In the previous four years, the summer school has culminated with the student presentations, and this year’s online edition was no different. For the students, the presentations are a chance to package their learning from across the summer school curriculum into just five minutes – which is no mean feat.
Each of the four groups tackled the issue of food systems resilience from the perspective of a different organisation: a government agency; a mid-sized abattoir; a large food manufacturer and a charity committed to fighting food poverty and waste. In the final video presentations, the groups mastered an impressive a range of communication and problem-solving techniques. Colour-rich graphics elegantly conveyed the breadth of the issues and role-played vox pops with food system stakeholders shone the spotlight on those for whom the food system is failing.
Despite the challenges of collaborating over a short time frame, over often-unreliable broadband and even over time zones, the groups distilled a year’s worth of learning into five minutes.
Views from the workplace
As the final day continued, three professionals who have forged careers in the food sector spoke about their careers and took questions from the (Zoom) floor. Anna Turrell, Head of Environment at Tesco, emphasised the importance of collaboration between the corporate sector and NGOs. Previously Head of Sustainability at Nestlé UK & Ireland, she also offered an insight into the work required across internal departments in a large organisation in order to achieve its sustainability commitments.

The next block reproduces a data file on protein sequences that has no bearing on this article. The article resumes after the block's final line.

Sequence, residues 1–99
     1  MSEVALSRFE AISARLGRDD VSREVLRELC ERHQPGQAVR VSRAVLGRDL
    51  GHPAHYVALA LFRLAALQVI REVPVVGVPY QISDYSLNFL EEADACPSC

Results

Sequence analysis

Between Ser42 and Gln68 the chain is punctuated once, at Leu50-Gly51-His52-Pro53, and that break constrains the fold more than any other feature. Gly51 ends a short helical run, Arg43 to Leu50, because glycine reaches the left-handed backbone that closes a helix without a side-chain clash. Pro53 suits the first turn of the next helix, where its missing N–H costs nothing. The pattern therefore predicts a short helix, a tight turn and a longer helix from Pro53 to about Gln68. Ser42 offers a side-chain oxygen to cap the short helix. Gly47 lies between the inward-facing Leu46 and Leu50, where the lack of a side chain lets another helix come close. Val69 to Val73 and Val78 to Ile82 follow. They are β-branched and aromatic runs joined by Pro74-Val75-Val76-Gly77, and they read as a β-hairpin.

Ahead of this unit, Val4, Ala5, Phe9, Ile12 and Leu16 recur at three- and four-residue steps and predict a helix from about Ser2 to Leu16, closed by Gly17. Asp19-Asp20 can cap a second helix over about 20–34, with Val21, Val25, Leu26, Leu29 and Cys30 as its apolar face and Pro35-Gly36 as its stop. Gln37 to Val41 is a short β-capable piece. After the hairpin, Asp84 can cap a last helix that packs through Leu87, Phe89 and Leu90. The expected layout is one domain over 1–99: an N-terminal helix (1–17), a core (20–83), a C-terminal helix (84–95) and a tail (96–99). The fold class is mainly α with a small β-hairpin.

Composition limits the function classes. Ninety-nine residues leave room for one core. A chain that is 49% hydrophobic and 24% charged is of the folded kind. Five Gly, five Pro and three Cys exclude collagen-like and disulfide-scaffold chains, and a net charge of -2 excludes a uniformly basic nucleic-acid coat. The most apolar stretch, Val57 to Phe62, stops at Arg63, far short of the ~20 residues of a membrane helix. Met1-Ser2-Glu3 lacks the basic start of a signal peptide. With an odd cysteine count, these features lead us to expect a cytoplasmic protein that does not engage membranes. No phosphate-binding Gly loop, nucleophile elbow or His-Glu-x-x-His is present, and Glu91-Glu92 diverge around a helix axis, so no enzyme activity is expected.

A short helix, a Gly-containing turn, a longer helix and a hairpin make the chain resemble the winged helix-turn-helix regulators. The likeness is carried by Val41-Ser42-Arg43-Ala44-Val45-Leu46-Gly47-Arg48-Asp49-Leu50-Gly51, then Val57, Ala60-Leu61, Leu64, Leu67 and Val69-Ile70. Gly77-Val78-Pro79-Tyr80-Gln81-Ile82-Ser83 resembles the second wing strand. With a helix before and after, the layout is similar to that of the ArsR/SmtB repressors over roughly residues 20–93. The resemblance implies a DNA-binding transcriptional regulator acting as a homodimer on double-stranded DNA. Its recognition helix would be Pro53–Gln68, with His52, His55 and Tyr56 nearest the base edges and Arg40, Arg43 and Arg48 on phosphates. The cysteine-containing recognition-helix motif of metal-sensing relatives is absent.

Barbara Adolph, Principle Researcher at the International Institute for Environment and Development (IIED) reminded the students that about there are many pathways towards becoming an influencer, citing her own decision to step outside the academic sphere and work more directly with stakeholders to create impact. Defra’s Chief Plant Health Officer Nicola Spence highlighted how her career has been propelled by passion; she also remarked how government is an excellent career destination for scientists as they bring the rigour and knowledge required to make a difference. Across the talks, the value of diversity in thought and experience was a recurring theme.
Saying yes to opportunities
Closing the event, IFSTAL Programme Lead John Ingram reflected on the three days which had seen the summer school take a new online form and encouraging the students to “say yes” to the opportunities that come their way in the future. Citing the creation of this year’s virtual summer school as an example, he stressed how a group of people with open minds and diverse skills can create something new and exciting.
The University of Warwick is one of five collaborating institutions on the programme, which aims to equip postgraduate skills from different disciplines with the skills to bring about much needed change in the food system.
Find out more at www.ifstal.ac.uk